Google

DeepMind's Demis Hassabis on the future of intelligent machines

Telly creatives let out a collective sigh of relief as artificial intelligence expert Demis Hassabis ruled out the possibility of computers replacing them any time soon.
 
“We are a long way from machines being truly creative,” said the founder of machine learning start-up DeepMind Technologies. But, Hassabis warned: “I don’t think it’s impossible.”
 

Artificial Intelligence and the Future with Demis Hassabis

Dr Demis Hassabis is the Co-Founder and CEO of DeepMind, the world’s leading General Artificial Intelligence (AI) company, which was acquired by Google in 2014 in their largest ever European acquisition. Demis will draw on his eclectic experiences as an AI researcher, neuroscientist and videogames designer to discuss what is happening at the cutting edge of AI research, its future impact, and how developing AI may help us better understand the human mind, including the nature of imagination and creativity.

In Conversation with Matt Brittin | Full session

Watch the full session of Matt Brittin, President of EMEA Business & Operations, Google in conversation with journalist Kate Bulkley at the sold out RTS evening event. Brittin talks about his Google's place in the TV industry, touching on subjects such as fake news, British original content and the development of YouTube Red.

Read the event report and watch the highlights video here

Google boss defends Fake News record

“Don’t take this as me being rude, but as a Brit who’s proud of and grown up with our amazing content,” he urged broadcasters to experiment “with different platforms and technologies – I really believe there’s an enormous opportunity for original British content.

“We need some positive opportunities for export right now and the [online] audience is there, it’s growing and it’s going to double in the next five years.”

Lord Puttnam: We need regulation to curb data capitalism

Lord Puttnam (Credit: RTS/Paul Hampartsoumian)

In a high-concept, passionate RTS lecture, illustrated by film clips and quotes from such 20th century giants as John Maynard Keynes and Bob Dylan, Puttnam mounted a passionate case for media regulation to curb the excesses of “data capitalism.”

“Tech monopolies (Google, Amazon, Facebook) are taking over the internet. A pernicious form of corporatism could, under the wrong set of circumstances, replace democracy as we have known and enjoyed it,” he said.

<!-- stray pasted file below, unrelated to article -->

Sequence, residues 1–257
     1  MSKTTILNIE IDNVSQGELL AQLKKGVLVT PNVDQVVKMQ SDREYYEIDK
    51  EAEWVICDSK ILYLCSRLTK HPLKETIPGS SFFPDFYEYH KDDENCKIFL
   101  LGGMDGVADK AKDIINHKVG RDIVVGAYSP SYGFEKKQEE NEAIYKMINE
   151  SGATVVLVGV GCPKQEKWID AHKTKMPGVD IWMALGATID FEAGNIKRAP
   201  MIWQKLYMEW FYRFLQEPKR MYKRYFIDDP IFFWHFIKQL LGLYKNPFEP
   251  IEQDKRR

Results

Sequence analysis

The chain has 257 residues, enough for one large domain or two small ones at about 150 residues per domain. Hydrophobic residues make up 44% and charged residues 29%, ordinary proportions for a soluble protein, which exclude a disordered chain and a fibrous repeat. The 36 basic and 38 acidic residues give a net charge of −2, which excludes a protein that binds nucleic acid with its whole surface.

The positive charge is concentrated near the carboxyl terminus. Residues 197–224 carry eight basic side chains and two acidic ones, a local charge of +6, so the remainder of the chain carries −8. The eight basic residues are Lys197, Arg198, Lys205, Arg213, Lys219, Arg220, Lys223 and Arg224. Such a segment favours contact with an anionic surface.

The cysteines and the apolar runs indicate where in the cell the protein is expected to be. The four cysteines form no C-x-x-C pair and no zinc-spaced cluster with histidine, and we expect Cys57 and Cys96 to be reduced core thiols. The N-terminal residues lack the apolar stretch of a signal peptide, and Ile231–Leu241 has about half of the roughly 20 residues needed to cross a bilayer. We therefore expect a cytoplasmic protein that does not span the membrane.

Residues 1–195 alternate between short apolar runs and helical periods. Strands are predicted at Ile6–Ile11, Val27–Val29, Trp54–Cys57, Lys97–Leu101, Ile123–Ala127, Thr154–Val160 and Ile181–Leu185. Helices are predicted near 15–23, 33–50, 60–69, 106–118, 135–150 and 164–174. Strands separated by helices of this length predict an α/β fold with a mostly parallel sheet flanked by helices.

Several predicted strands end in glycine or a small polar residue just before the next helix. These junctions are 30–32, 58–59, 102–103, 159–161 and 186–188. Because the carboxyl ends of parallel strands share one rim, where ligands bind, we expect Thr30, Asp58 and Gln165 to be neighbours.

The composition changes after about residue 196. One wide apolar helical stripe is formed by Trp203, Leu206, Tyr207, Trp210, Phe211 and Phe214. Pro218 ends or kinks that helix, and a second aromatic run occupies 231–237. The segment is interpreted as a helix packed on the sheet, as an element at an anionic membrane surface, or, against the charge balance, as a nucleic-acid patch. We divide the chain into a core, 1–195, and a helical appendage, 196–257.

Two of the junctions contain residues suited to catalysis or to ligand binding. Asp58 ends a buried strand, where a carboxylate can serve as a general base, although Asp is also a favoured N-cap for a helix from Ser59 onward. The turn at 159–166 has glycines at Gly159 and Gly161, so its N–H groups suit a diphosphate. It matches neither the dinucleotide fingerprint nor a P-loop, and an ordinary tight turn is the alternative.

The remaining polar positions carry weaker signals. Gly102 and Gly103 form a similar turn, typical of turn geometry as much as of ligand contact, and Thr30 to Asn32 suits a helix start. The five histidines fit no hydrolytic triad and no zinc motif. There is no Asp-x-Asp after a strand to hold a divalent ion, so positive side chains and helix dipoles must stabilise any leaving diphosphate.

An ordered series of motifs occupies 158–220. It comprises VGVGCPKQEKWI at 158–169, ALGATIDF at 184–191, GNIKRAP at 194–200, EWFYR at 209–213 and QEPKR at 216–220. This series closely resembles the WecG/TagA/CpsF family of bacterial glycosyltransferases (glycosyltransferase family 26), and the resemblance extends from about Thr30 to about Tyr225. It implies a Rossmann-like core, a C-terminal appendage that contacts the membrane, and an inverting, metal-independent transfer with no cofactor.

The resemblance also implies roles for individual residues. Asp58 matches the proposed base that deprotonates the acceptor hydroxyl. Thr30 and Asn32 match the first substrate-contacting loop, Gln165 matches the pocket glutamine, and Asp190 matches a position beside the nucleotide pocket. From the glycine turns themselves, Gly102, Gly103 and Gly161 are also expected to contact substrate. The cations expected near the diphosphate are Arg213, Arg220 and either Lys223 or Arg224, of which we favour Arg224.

It was “nonsense” that these companies were too big to regulate.  

Event report: Is targeted advertising the future of TV?

Many broadcasters are convinced that targeted advertising is a silver bullet. They claim it will help level the playing field with Google and Facebook and so future-proof their businesses.

But at a packed RTS early-evening event, 'Is targeted advertising the future of TV?', it became clear that the debate over smart advertising’s role in commercial TV is more nuanced than that. It is conceivable that internet-­delivered, personalised ads aimed at individuals will one day be as commonplace as driverless vehicles are expected to be.

It's time for the tech giants to admit they are media companies

Imagine that a broadcaster reaching over 1 billion people a day is making billions of pounds of profits every year, partly by distributing news coverage that includes numerous mistakes.

Imagine, too, that, when the broadcaster is called to account, its first proposed solution to the problem is to send out a message to viewers entitled “tips for spotting false news”. The first of the 10 tips is: “Be sceptical of headlines”.

The chances are that the broadcaster would be told that its so-called “new educational tool against misinformation” was hardly a satisfactory remedy.

Event report: Virtual Reality and 360⁰ Storytelling

Guests enjoy virtual reality experiences at the event (Credit: Paul Hampartsoumian)

The latest kit from some of the leading innovators in virtual reality was available for the audience to test, before and after a panel of experts discussed the consumer appeal of the new technology.

Event chair, journalist Kate Bulkley, posed the key question to the panel: Would virtual reality telly fare any better than 3D TV? The latter had been much hyped by the manufacturers and broadcasters a few years ago before disappearing, leaving barely a trace.